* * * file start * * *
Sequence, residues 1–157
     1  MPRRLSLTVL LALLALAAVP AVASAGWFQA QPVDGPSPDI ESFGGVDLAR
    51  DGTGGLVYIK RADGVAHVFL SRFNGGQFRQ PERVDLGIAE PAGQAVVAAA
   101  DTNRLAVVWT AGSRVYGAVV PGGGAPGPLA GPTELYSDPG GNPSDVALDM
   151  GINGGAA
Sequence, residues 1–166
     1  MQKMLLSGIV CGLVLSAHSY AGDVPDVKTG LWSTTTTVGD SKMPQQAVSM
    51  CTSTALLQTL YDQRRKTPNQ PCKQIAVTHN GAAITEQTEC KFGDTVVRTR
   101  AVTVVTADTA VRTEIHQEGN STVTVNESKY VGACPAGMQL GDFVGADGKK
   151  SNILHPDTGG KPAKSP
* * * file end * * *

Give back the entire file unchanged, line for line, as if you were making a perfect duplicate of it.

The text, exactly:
Sequence, residues 1–157
     1  MPRRLSLTVL LALLALAAVP AVASAGWFQA QPVDGPSPDI ESFGGVDLAR
    51  DGTGGLVYIK RADGVAHVFL SRFNGGQFRQ PERVDLGIAE PAGQAVVAAA
   101  DTNRLAVVWT AGSRVYGAVV PGGGAPGPLA GPTELYSDPG GNPSDVALDM
   151  GINGGAA
Sequence, residues 1–166
     1  MQKMLLSGIV CGLVLSAHSY AGDVPDVKTG LWSTTTTVGD SKMPQQAVSM
    51  CTSTALLQTL YDQRRKTPNQ PCKQIAVTHN GAAITEQTEC KFGDTVVRTR
   101  AVTVVTADTA VRTEIHQEGN STVTVNESKY VGACPAGMQL GDFVGADGKK
   151  SNILHPDTGG KPAKSP